What surprises you about working for the Office of the Mayor of the City of New York?
The pace. I suspected it would be a high-paced environment before taking the job, but had no idea how intense it can be. Emails are flying nearly 24 hours a day, and it's not easy to keep up. It's particularly challenging working on both long term policy projects while dealing with short term emergencies that arise.
Even with all that, I am surprised at how much I enjoy the job. It's truly a gift to be able to wake up every day with a mandate to promote public health in New York City.
The people. The dedication of public servants is what drew me to a career in the public sector, and I have not been disappointed. You can feel the excitement from your co-workers about wanting to work for the public good.
What will you be teaching at the School of Public Affairs? What do you hope to accomplish here?
I will be teaching Healthcare Politics and Policy. I hope to be able to teach students that the public's health is something that should concern us all. 80% of health outcomes are attributable to non-healthcare delivery services and that addressing the social determinants of health – including access to healthy food, safe housing and economic opportunities – will make the greatest difference. Thus, health touches all public policy professionals – not just those who practice "health policy." I hope that students pursuing public sector careers will keep that in mind no matter where their career leads.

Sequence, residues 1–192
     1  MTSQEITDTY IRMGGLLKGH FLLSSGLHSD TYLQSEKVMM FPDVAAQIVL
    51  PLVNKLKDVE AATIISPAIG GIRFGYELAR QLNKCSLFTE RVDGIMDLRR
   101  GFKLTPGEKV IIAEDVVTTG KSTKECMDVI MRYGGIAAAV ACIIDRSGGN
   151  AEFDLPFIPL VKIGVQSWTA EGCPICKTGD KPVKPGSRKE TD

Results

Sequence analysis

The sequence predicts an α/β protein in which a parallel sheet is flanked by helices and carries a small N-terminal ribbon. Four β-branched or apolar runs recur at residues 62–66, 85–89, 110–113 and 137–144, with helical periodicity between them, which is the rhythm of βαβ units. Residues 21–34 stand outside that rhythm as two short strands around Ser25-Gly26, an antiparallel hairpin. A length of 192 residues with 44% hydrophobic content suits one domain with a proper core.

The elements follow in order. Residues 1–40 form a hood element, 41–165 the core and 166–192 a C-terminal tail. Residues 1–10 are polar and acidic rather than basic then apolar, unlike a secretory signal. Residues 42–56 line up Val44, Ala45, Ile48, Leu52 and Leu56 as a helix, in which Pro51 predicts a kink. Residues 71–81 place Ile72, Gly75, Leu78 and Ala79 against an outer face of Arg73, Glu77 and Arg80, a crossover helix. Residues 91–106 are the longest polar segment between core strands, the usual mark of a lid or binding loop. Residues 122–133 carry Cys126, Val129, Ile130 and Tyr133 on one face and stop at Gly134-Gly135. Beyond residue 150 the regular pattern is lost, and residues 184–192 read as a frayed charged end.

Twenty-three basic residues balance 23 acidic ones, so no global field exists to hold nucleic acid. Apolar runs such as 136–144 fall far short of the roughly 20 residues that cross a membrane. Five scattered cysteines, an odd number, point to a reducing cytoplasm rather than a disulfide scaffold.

How did you first get into politics and litigation?
I became interested in litigation while in law school; all the great work we were studying in law school - Brown v. Board of Education, etc. - emanated from litigation. And I wanted to be a part of that. I came to politics later in my career. My first major election was 2004, when I felt passionately that a change in course in our country was needed. I signed up to work on John Kerry's presidential campaign and never looked back.